Sitting down with the original Planet of the Apes is a requirement for sci-fi exposure and a profound one at that. It’s hard to imagine how audiences in 1968 reacted to the striking imagery of apes enslaving man, the shocking conclusion, and the social relevancy that went with it. Mind-blowing might be a good guess.

Dawn of the Planet of the Apes follows in its ancestor’s footsteps, in that sense, as a more mind-blowing film likely won’t be found this summer (maybe even this year). Not just because it has the requisite summer action and showy special effects we expect — because it has so very much more than that.

Nearly a decade after the events of the previous movie, the simian virus that gave chimp Caesar and his ape brethren heightened intelligence has killed off nearly all of the human race. An older, wiser Caesar is now a father and leads a fully functioning community of apes in the Redwoods. But things quickly get out of control as a band of human survivors make their presence known, bringing out the best and worst in both groups.

Dawn takes all the good things we saw in Rise of the Planet of the Apes, of which there were many, and carries them forward to become amazing. Like our future simian overlords, things have evolved. Stakes are higher, digital effects showier, performances harder-hitting, and emotional impact more resonant — simply put, Dawn excels in every way it can and beyond.

The latest Apes entry manages to feel both like its own film endeavor and a distinctly Planet of the Apes experience. Rise had faint echoes of the ’68 classic; Dawn has harsh whispers and growing murmurs of it. Maybe its because we’re witnessing a mid-ground between James Franco curing Alzheimer’s and Charlton Heston lamenting the state of mental illness treatment.  Director Matt Reeves picks things up at a major turning point it the Apes universe and the film plays off of every ounce of tension from it.

Emotions run high here, especially the feeling of dread. More so than action, nearly every exchange is on the razor’s edge — the situation is constantly this close to boiling over and becoming chaotic. Of course it must happen and when it does, you can’t help but get the feeling that they’re taking cues straight from the original film, while rightly adapting them for this film. The film has already been referred to as the best sequel since The Dark Knight and it’s not a coincidental comparison. Like the Batman sequel, Dawn takes things in a considerably darker direction and has that same familiar “edge of your seat” feeling throughout.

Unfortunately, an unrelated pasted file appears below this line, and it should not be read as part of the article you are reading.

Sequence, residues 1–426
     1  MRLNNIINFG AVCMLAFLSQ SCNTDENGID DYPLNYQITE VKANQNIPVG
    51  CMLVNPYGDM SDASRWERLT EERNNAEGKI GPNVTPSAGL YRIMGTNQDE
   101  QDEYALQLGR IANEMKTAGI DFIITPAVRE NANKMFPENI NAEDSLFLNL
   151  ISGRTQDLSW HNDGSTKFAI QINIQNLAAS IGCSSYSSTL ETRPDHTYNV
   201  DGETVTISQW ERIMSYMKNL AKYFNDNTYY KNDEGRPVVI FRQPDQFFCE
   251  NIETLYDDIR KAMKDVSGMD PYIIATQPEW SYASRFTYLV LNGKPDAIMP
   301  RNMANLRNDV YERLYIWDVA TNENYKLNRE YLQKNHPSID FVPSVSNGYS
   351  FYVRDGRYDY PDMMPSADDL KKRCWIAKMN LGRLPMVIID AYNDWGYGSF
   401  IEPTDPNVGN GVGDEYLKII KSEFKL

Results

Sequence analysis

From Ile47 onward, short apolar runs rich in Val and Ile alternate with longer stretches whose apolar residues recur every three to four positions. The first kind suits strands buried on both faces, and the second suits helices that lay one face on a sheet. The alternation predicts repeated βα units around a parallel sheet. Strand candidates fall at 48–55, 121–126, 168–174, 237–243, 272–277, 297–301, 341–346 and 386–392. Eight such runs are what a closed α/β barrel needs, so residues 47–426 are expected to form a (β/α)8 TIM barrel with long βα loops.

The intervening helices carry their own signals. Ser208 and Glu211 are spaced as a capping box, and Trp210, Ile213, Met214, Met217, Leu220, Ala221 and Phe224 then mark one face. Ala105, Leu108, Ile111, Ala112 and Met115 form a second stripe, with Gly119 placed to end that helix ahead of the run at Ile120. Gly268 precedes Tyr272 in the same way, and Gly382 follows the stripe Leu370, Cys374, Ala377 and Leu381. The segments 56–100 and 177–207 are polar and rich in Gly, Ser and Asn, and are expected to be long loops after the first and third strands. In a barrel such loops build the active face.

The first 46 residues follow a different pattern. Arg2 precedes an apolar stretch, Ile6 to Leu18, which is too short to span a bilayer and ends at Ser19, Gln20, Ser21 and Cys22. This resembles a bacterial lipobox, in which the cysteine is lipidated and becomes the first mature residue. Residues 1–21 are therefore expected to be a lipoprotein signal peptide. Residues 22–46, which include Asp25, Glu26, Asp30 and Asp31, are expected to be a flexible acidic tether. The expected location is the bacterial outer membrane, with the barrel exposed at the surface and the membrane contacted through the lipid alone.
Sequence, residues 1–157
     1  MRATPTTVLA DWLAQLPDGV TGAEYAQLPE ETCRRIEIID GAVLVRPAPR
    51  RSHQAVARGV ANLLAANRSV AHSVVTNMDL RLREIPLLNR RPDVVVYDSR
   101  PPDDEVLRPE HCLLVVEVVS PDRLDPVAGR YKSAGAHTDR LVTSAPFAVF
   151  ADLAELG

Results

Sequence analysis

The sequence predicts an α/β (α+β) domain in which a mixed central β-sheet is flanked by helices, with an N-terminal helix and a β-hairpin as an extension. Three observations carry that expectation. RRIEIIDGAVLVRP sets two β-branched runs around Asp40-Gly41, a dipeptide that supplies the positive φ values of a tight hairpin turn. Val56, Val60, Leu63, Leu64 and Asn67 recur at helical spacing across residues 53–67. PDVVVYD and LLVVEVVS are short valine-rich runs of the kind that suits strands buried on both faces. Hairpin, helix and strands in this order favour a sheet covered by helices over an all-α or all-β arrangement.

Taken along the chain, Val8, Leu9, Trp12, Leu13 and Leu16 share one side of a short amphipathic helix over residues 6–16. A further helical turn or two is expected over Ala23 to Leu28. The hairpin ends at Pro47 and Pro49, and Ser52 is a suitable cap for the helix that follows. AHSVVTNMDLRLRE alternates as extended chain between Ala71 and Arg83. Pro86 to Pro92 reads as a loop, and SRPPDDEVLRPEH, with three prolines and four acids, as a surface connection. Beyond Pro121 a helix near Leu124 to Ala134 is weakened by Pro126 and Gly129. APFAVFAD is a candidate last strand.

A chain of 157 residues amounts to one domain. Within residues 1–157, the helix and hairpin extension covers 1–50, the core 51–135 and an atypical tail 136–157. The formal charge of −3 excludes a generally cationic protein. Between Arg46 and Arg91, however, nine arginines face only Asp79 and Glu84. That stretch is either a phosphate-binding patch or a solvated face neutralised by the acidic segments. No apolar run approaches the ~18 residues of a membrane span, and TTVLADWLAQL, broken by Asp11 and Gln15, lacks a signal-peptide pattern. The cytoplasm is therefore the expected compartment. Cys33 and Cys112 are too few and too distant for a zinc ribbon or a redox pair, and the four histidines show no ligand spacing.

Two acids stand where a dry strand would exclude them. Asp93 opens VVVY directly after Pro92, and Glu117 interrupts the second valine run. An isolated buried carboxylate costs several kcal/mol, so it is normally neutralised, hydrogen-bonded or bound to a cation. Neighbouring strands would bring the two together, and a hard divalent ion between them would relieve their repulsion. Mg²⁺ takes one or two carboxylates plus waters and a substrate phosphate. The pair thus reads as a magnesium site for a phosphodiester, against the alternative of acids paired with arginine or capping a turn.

But when things are not about to explode, the emotional core of the film, exploring family, community, war and prejudice, proves just how mature and thoughtful this new series really is. The film actually has something to say on these matters and isn’t afraid of letting the character relationships and themes come first. You may have to wait sometimes for action pieces to break out but it feels all the more rewarding when they do.

The first 20 minutes of the film alone feature very little dialogue, yet may as well be the basis for a masterclass in visual storytelling where less is more. It’s the little things that make the difference, like the apes mostly using sign language and sharp, focused storytelling revolving around character that make the biggest difference. And then there are simply amazing moments that pop up throughout, highlighted by what will ultimately come to be known as “the Rotating Turret Shot”.

Of course, it’s all beautifully brought to life by the cast, human and ape alike.  Andy Serkis, the absolute ace in the hole of the series, once again makes mince meat out of all acting barriers and brings a new, refined Caesar to life. Jason Clarke does a serviceable job as Malcolm, leader of the human community and Caesar’s doppelganger. Meanwhile both leaders’ second in commands threaten to steal the show. Bad seed Koba, played by future Dr. Doom Toby Kebbel, gives Serkis a run for his money while Gary Oldman, on the surface our go-to bad guy, ends up being more of a wholly sympathetic dissenting opinion than anything.

There are a lot of good movies out there and many great ones too. Then there are films like this — outstanding achievements that strap you in for every second and leave you breathless at the end. Yes, Dawn of the Planet of the Apes is just that good. What Reeves and company have done with Dawn is not only make a sequel that is better than the original; they’ve made a film that is as complex and moving as any there ever was.



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